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Date: Fri, 1 Apr 2005 15:09:07 +0100
Subject: SchNEWS 491, All Fools Day, 2005

Scottish Executive ignores findings of M74 Public Enquiry

Going Overground

Ah the beauty of British law...if someone proposes a major public works project which might affect the environment and people's quality of life, the project can be examined by a "Public Inquiry". A combination of the judiciary and experts are drafted in to carefully weigh up all the evidence and ascertain whether the project is necessary and really does bring public benefits...if they support the enterprise all well and good - you can use it to weaken any opposition to the scheme - and if they don't...well you can always just ignore their findings.

Consider, for example, the largest urban road building scheme in the country: the M74 extension. The Scottish Executive's plan to build 6 miles of elevated motorway right across Glasgow at a cost of 250m was challenged by a range of groups (now formulated into JAM74 - Joint Action against the M74) aware that new roads rarely reduce congestion, have negative environmental effects and bring few benefits for locals. In fact, the main beneficiaries are usually the building contractors, whose eyes light up like fruit machines at the prospect of so much easy cash, and of course their mates the local government officials, who certainly don't need bribing to hand out the contracts and almost never have any financial interests in the building firms themselves.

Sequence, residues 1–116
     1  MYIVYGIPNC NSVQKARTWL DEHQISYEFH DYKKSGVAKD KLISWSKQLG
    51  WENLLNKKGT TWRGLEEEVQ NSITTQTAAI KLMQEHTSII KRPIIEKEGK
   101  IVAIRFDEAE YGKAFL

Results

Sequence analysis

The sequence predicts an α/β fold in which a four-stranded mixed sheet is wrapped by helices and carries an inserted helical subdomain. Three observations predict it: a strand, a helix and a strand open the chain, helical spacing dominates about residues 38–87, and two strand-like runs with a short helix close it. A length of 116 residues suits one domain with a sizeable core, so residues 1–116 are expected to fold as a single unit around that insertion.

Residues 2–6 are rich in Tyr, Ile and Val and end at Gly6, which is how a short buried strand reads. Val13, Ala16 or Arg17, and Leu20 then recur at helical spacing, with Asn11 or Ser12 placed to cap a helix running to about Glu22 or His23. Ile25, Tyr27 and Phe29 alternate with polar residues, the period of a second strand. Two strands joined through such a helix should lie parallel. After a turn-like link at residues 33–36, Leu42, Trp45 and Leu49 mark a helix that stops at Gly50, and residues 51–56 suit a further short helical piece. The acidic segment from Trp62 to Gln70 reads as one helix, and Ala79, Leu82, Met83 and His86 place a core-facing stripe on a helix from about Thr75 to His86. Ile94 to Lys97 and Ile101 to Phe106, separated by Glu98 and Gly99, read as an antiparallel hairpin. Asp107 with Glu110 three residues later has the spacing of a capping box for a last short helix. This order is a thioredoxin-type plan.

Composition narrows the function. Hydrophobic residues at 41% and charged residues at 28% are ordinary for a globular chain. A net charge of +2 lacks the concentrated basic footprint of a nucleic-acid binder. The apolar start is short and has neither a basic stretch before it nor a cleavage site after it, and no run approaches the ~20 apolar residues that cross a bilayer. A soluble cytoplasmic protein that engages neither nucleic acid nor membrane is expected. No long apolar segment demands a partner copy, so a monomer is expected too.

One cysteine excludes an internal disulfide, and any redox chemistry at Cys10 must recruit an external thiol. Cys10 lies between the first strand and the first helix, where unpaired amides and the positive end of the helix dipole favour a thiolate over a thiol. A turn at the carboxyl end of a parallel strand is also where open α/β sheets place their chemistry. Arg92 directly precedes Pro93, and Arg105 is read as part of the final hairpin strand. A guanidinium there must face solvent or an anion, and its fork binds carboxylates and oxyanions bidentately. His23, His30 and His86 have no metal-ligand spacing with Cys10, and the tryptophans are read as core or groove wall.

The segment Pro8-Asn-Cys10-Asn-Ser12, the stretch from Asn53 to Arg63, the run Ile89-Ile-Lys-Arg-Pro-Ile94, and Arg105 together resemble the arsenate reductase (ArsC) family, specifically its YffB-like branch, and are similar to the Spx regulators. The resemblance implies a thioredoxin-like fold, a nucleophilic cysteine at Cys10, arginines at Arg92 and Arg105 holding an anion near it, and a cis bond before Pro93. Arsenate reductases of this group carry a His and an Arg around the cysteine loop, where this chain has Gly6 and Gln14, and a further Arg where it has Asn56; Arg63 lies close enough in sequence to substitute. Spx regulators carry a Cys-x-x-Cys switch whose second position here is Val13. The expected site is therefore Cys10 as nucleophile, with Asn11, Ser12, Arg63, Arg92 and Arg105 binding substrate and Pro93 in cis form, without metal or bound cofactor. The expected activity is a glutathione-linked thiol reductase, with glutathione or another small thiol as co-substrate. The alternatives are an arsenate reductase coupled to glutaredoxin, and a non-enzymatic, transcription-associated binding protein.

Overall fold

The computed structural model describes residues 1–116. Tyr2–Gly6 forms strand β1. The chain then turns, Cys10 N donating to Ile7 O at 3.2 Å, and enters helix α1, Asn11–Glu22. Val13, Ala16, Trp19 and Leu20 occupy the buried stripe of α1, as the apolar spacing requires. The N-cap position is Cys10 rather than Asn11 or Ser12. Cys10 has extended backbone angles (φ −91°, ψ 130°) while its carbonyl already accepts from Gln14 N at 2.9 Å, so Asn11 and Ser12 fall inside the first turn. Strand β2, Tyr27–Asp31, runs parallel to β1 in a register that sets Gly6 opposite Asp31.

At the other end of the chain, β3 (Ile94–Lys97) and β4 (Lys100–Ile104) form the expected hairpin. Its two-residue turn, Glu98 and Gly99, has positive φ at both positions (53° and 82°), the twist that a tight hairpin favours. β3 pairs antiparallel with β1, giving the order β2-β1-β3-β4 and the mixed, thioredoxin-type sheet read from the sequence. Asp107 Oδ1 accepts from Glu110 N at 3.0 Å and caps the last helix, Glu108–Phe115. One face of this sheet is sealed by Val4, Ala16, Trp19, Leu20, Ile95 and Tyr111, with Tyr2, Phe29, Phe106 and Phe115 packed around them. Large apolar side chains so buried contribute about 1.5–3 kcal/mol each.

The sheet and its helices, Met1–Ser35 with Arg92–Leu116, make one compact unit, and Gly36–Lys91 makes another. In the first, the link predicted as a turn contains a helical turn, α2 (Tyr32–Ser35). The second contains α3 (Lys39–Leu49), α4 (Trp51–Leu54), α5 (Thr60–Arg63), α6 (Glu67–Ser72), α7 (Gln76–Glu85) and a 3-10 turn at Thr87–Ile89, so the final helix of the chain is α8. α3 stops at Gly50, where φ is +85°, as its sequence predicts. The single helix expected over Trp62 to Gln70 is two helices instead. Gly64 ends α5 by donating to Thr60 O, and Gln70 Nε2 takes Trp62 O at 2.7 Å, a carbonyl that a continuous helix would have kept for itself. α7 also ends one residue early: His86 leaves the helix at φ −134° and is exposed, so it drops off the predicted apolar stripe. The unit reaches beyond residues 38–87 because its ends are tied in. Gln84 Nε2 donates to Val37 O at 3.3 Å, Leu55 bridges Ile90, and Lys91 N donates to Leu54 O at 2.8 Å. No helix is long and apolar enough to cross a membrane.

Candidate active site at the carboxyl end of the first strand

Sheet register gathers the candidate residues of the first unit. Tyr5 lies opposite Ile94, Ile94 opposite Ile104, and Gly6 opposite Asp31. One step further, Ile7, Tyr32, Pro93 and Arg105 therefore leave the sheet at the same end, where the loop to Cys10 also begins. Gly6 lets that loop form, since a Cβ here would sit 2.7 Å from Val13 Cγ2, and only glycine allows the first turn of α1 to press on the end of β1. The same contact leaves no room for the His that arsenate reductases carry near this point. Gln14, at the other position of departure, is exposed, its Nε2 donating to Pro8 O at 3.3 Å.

In light of the growing opposition, the matter was referred to Public Inquiry in 2003. Despite seeming less than independent - all personnel were selected by the McGovernment - they reported their findings in March 2004 and overwhelmingly came out against the scheme. Now, in March 2005, the Scottish Executive has announced their intention to press on and build the unwanted road for, er...500m. A triumph for democracy and a bargain to boot! That's not to say this is the final bill - the Glasgow Herald recently reported it may cost up to 1 billion...Millennium Dome anyone?

Dave Spaven of TRANSform Scotland (a campaign for sustainable transport, part of the JAM74 coalition) said, "The Executive's decision to press ahead...despite the specific recommendation of the Inquiry a scandal." Will Jess, Chair of JAM74 adds, "The Executive and the City Council have condemned Glaswegians to a legacy of air pollution and chromium contamination. JAM74 is not going away, hundreds of objectors to this road have signed our 'beat the bulldozer' pledges and we will challenge this decision in the courts." If that doesn't work, it seems to SchNEWS that (direct) actions will have to speak louder than (official) words...

Next JAM74 meeting is 5 April, 7:30pm
Govanhill Community Centre, Daisy St, Glasgow

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